White House to end asylum access on southern border

World Today

Nicaraguan migrant Javier Velazquez wheels his 14-year-old son across the highway, as part of the Central American migrant caravan hoping to reach the U.S. border, in Acayucan, Veracruz state, Mexico, Saturday, Nov. 3, 2018. Javier Velazquez said that Axel was shot in the leg during protests in Nicaragua and both are looking for political asylum in the United States. (AP Photo / Marco Ugarte)

The White House is preparing to end asylum access for anyone who crosses its borders illegally. The executive order will limit entry to official U.S. Ports of Entry, the same principle used in the Trump administration’s travel ban. The official decree is expected on Friday and is likely to be challenged in courts immediately.

The move comes as a caravan of thousands of migrants is slowly crossing Mexico toward the United States.

As CGTN’s Alasdair Baverstock reports, many are in Mexico City planning their next move.

As the Central American migrants who’ve made it to Mexico City take some time to rest, plans are being laid for their next moves.

The nearest U.S. border is more than a thousand kilometers away, and no one here knows what awaits them when they arrive.

As their numbers grow in the stadium where they are being housed, international authorities are doing their best to deal with this growing humanitarian crisis.

“We estimate that more than 10,000 people have crossed Mexico’s southern border, of which 18-hundred have asked for refugee status. The rest are going to continue their route with the caravan. Five to six thousand are here in Mexico City, and more are still to arrive,” said Christopher Gascon the United Nations Migration Agency Mexico Director.

For at least those 1800 migrants the United Nations identified, establishing a new life in Mexico is preferable to the uncertainty of what awaits them at the U.S. border.

“The border at the moment is very difficult to cross because so many caravans are arriving, there is little chance of remaining in the US. So at the moment we’re looking for permission to work in Mexico for a while, and as time goes by, I’ll be able to get my Mexican papers,” said Georgina Monterosa a Salvadoran migrant.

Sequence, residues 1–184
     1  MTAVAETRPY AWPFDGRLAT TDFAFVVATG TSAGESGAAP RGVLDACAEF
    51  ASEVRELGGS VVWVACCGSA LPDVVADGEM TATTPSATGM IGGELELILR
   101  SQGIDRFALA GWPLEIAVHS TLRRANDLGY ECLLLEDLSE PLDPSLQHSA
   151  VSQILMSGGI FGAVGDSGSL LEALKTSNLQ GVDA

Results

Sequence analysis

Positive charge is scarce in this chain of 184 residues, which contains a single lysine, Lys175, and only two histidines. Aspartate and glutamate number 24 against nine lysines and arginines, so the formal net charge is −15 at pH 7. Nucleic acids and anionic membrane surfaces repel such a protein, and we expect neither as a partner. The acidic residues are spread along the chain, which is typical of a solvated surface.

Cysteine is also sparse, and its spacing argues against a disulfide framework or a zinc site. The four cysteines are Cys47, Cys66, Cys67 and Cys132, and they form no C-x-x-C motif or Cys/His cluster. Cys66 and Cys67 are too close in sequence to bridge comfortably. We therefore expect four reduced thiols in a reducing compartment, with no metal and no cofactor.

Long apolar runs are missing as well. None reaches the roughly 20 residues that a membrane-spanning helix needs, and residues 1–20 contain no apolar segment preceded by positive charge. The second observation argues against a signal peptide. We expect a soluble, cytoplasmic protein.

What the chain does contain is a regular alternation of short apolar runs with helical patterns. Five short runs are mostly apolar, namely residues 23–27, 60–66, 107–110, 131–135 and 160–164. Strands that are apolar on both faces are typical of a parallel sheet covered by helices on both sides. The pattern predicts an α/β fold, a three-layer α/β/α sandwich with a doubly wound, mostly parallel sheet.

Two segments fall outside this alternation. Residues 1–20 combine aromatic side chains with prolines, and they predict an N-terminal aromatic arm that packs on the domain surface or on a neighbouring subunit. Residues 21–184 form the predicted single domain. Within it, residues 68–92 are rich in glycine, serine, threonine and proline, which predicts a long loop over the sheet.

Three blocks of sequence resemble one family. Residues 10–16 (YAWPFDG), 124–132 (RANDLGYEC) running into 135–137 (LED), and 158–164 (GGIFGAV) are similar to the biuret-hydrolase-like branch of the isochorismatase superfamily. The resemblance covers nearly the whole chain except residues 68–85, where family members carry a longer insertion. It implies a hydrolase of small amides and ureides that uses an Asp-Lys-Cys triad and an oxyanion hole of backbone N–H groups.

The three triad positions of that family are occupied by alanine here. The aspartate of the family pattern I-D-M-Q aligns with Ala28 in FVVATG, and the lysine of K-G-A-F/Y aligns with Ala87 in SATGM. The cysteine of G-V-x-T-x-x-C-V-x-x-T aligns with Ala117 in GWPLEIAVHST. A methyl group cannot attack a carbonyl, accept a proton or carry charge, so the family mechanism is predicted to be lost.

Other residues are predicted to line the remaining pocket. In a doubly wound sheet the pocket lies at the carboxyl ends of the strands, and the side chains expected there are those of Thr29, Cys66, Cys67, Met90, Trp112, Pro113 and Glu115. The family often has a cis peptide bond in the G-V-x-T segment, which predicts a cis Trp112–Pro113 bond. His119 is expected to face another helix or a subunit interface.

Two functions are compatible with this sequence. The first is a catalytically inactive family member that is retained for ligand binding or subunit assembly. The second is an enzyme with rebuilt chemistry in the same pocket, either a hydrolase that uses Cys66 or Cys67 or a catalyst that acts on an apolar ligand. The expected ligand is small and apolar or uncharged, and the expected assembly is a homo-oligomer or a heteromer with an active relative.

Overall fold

But for the majority, according to local authorities and most of the migrants CGTN spoke with in the caravan, the United States remains the ultimate goal.

“Our plan is to continue. It makes me scared, be he who doesn’t risk anything, never gets anything,” said Juan Jose Galdames a Honduran migrant.

While some conservative politicians in the U.S. have demonized these travelers, we found dozens of sympathetic Americans here on the ground, offering their help.

Tristan Call from Nashville, Tennessee, is part of a contingency from the American migrant aid group Pueblo Sin Fronteras, which has been guiding and advising the caravan since its journey began in Honduras last month. He says his main focus is giving solid advice to the migrants on what to expect if they continue north and outlining their option to stay in Mexico.

“What we’re trying to do is get people information that is as up-to-date and as good as we can about what this accelerated and more open process that Mexico is trying to do with work permits and residency. We want people to know what they’re likely to face, so that they’re able to make some of those decisions,” said Tristan Call of Pueblo Sin Fronteras.

As caravan members decide on their individual futures, the U.S. border prepares for their approach. And the decisions made at this critical pit stop may determine how many migrants ultimately arrive.